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Industrial AI blog

Face recognition under occluded factory conditions

5 February 2021

Shibashish Sen

Shibashish Sen
R&D Centre, Hitachi India Pvt. Ltd.


With advances in computer vision, face recognition has become a prominent technique for personal authentication and identification in many situations. Due to the way usual face recognition algorithms work, however, it is still very difficult however to achieve a high level of accuracy in real-world situations despite these advances. For example, in factories and industrial environments where face recognition may be used to monitor safety and identify workers, the faces of the workers may be occluded (blocked or covered) by helmets, safety masks, goggles etc. which are typical safety gear in such environments, resulting in a drop of performance due to misclassification of faces.

In this blog, we would like to outline the approach we are proposing to improve the face recognition algorithm to correctly classify faces even with the presence of occlusions.

Reference conditioned low-rank projection (RCLP)

In a usual face recognition algorithm, the input to the neural network is a face image and the Convolutional Neural Network (CNN) is used to extract features which are used to describe the face, which are called face features. In this blog post, we extract face features using CNNs that are pretrained (built) for learning such discriminative face features. The output of the neural network, in this case face features, is the identifier of a person’s face, such that if you pass in images of the same person, the output will be the similar, whereas if you compare the output of images of different people, it will be very different.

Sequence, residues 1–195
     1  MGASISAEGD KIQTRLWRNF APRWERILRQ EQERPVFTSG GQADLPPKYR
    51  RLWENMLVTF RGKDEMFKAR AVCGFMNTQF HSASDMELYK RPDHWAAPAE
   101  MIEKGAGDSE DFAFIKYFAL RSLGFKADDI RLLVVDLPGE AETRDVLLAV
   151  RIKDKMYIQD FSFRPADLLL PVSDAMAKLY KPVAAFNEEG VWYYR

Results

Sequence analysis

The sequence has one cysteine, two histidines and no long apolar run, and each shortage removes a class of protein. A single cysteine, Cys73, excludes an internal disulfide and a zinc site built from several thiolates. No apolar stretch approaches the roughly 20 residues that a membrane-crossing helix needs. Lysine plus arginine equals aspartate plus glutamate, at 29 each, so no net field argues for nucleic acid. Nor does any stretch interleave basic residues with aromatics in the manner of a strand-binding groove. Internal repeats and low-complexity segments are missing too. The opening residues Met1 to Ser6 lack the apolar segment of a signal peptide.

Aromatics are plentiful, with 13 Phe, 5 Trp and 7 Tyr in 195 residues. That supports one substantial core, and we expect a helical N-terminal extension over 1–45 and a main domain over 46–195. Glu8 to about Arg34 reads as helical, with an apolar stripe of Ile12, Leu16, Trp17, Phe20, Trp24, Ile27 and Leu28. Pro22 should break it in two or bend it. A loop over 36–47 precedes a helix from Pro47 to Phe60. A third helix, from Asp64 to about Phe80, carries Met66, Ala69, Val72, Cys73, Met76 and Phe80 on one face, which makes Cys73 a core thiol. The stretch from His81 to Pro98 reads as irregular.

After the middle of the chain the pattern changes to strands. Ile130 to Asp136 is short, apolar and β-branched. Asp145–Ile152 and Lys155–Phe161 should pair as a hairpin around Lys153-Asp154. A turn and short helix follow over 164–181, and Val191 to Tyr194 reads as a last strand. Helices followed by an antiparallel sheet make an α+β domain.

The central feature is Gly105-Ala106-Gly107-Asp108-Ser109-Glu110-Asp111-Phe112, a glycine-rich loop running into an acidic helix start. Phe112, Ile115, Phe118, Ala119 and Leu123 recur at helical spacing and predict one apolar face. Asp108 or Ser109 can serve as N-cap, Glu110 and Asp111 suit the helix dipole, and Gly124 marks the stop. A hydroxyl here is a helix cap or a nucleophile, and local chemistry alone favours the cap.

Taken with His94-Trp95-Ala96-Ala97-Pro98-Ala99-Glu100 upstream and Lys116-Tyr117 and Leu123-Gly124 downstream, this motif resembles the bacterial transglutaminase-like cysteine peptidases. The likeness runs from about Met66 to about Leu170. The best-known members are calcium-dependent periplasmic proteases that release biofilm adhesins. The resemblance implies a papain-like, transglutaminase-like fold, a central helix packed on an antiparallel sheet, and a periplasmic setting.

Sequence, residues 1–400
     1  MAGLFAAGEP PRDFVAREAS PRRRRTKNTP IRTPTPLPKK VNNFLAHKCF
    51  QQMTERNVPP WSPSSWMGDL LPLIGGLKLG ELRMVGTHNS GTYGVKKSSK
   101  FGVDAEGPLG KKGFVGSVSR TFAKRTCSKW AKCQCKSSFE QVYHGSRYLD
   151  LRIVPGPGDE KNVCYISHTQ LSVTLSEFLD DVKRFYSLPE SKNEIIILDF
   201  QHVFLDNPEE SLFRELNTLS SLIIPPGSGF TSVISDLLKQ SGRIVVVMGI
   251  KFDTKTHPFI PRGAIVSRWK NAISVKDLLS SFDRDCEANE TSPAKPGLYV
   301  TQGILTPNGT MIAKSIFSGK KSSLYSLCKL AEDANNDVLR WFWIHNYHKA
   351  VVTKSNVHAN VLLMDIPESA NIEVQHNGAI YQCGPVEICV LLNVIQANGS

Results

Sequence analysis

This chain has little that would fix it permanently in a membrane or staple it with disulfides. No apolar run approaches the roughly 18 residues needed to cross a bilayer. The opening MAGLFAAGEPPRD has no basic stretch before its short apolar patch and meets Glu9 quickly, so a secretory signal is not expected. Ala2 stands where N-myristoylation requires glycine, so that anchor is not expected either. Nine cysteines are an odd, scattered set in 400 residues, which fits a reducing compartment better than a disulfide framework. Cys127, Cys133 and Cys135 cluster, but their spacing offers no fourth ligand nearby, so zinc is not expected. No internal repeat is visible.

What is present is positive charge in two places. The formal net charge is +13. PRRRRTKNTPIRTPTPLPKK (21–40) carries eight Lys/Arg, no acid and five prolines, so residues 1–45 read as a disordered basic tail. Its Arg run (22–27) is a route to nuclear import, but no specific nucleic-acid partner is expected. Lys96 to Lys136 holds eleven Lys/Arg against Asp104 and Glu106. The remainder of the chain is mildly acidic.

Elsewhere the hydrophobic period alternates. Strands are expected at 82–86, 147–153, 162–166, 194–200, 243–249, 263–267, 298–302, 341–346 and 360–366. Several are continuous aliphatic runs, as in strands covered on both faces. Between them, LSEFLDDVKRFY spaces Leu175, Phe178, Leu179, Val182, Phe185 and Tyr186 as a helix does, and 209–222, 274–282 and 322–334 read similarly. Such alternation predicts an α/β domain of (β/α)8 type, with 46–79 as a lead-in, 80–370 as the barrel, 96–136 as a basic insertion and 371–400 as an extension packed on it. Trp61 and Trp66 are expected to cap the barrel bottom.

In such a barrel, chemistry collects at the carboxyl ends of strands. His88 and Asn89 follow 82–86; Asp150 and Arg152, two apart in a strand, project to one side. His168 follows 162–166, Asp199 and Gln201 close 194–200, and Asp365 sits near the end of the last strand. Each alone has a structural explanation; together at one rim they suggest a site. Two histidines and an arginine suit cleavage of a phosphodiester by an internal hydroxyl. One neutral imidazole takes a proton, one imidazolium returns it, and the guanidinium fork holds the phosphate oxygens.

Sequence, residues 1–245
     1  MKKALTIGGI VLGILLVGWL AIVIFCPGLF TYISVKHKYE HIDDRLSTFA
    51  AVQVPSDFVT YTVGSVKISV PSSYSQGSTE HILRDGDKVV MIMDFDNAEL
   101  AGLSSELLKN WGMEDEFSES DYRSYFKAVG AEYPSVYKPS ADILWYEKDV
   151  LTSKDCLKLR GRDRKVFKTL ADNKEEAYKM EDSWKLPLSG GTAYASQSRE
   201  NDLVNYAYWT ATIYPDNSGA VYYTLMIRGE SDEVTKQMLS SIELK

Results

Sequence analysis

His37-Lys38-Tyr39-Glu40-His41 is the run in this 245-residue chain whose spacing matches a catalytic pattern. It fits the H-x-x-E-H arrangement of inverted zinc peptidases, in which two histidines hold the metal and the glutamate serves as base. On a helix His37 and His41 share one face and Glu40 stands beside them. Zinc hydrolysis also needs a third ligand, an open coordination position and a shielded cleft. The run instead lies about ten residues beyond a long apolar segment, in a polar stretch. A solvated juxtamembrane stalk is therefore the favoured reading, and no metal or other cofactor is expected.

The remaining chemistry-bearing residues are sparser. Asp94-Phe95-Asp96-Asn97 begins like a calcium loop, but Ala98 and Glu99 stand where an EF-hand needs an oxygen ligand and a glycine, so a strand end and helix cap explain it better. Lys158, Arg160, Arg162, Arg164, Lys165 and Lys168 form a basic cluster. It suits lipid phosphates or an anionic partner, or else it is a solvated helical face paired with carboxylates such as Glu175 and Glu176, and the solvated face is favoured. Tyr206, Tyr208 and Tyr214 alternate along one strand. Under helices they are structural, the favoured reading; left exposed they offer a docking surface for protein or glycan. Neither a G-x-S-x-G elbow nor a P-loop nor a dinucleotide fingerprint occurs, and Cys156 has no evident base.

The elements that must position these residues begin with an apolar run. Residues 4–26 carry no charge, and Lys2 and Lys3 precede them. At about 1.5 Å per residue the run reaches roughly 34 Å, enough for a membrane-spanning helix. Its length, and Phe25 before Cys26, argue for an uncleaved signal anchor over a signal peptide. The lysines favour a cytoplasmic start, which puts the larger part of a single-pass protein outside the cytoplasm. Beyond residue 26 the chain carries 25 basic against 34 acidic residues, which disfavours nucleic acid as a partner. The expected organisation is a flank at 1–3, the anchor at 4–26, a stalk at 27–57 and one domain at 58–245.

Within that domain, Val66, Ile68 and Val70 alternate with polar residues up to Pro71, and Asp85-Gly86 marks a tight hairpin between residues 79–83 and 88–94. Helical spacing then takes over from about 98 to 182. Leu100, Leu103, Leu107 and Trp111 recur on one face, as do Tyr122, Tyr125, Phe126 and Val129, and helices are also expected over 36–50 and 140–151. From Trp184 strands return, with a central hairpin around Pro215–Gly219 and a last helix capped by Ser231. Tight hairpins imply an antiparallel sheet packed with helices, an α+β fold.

The reason why occluded face images show a drop in face recognition performance is due to the nature of features of occluded face images. The features of such images when compared to non-occluded faces, shows a non-isotropic (not uniform with respect to direction) nature when projected in feature space. This results in dissimilarity between face features when compared to a non-occluded face image. This causes misclassification of the test faces leading to a drop in the recognition performance.